Addis Ababa-Human Rights Watch said on Thursday that Eritrean refugees involved in the months-long war in Ethiopia have suffered abuses, including executions and rapes, which constitute “clear war crimes.”
A new report by the US-based rights watchdog details the role of Eritrean soldiers and rebel fighters from the Tigray region of northern Ethiopia in the massacre marked by forced repatriation and massive destruction of two refugee camps.
“The terrible killing, rape and robbery of Eritrean refugees in Tigray are clear war crimes,” said Laetitia Bader, director of the Horn of Africa at Human Rights Watch.
“For many years, Tigray has been a safe haven from abused Eritrean refugees, but many people now feel that they are no longer safe,” she added.
In November last year, conflict broke out in northern Ethiopia. At that time, Prime Minister Abiy Ahmed sent troops into Tigray to overthrow the regional ruling party, the Tigray People’s Liberation Front (TPLF). The attack on the barracks.
According to the Ethiopian Refugee and Returnee Affairs Agency (ARRA), before the fighting broke out, Tigray was inhabited by 92,000 Eritrean refugees, of which 19,200 were living in Hittats and Shimelba refugee camps.
Although Ethiopia and Eritrea fought a brutal border war between 1998 and 2000, which killed tens of thousands of people, Abiy and Eritrean President Isaias Afwerki (Isaias Afwerki) established a reconciliation. Won the 2019 Nobel Peace Prize, and Asmara provided him with military support in Tigray.
Approximately two weeks after the conflict began, the forces of Eritrea and Tigray clashed for the first time near Hitsats.
Human Rights Watch said on Thursday that it had received “credible reports” that the Eritrean army had killed 31 people in the town of Hitsats, and the true death toll “may be much higher.”
Agence France-Presse has previously documented how pro-TPLF militias carried out retaliatory killings against refugees once the fighting reached the Hitsats camp, shooting and killing 9 young Eritrean men outside the church.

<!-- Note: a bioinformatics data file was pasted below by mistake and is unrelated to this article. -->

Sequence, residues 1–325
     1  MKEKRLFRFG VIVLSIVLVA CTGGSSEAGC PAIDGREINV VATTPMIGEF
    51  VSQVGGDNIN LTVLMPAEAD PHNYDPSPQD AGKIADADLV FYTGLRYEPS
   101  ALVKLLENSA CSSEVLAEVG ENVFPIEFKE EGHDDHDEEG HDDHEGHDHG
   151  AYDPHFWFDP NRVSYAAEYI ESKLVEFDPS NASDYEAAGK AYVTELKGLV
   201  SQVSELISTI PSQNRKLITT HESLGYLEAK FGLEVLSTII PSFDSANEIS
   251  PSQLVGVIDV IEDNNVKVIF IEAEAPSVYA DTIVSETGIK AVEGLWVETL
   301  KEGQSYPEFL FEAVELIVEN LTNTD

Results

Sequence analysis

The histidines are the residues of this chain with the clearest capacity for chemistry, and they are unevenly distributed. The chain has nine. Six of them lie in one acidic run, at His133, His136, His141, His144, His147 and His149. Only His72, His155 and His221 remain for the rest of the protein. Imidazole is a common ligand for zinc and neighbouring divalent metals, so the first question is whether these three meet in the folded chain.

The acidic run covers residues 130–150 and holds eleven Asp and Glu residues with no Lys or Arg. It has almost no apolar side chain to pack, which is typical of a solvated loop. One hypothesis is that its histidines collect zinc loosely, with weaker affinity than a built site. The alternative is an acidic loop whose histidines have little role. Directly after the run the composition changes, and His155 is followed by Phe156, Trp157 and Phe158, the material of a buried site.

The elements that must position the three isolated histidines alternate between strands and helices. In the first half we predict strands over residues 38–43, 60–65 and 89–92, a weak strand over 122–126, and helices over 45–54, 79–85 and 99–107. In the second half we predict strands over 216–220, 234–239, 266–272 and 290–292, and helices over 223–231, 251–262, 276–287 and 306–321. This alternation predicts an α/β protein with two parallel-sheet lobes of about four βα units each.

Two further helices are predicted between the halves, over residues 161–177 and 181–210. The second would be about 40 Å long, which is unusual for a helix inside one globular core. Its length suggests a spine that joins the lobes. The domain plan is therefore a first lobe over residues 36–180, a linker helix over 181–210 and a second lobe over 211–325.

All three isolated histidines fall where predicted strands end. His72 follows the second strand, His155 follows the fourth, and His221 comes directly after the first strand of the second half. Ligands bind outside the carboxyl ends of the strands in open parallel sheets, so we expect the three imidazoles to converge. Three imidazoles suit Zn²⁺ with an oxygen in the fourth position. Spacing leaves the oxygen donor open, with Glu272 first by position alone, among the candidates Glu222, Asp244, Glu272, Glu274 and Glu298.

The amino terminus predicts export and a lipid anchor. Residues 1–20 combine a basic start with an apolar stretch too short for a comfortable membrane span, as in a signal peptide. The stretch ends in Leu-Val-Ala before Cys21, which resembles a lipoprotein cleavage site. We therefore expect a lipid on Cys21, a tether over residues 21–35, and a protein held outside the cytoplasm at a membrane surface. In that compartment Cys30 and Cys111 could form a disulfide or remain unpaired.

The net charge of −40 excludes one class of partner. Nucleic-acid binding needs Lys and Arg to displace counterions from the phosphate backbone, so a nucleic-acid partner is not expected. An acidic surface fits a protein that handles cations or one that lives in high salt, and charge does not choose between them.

Human Rights Watch reported that when the Eritreans took control of the camp, they are believed to have transported 17 injured refugees to Eritrea for treatment.
However, the whereabouts of most of the evacuees are still unknown, and 20 to 30 people have been detained, “including members of the refugee committee and members of the opposition, two of whom are women,” it said.
Human Rights Watch said that the Tigray army regained control of the area in early December and began looting, detaining, raping and attacking refugees with weapons including grenades, potentially killing dozens of people.
The Eritrean army returned the following month and forced the evacuation of those still in the camp. Satellite images showed that Hitsats was quickly destroyed, the supervisory agency added.
The whereabouts of thousands of refugees in Hitsats and Shamella are still unaccounted for, and hundreds have no choice but to return to Eritrea, which Human Rights Watch calls “forced repatriation.”
Others eventually entered two camps in southern Tigray, Mai Aini and Adi Harush, which were controlled by TPLF in July.
ARRA, the Ethiopian refugee agency, accused TPLF of deploying heavy artillery in the two camps, looting vehicles and warehouses and preventing refugees from leaving-creating “a situation equivalent to hostages.”
TPLF rejected such allegations and vowed to ensure that refugees are protected.
Ethiopian officials are trying to speed up the migration of refugees from southern Tigray to a 90-hectare site in the neighboring Amhara region.
However, TPLF launched an offensive on Amhara in July, and the area has been hit hard in the recent fighting.
Human Rights Watch said on Thursday that all parties to the conflict should give refugees freedom of movement and expand access to aid.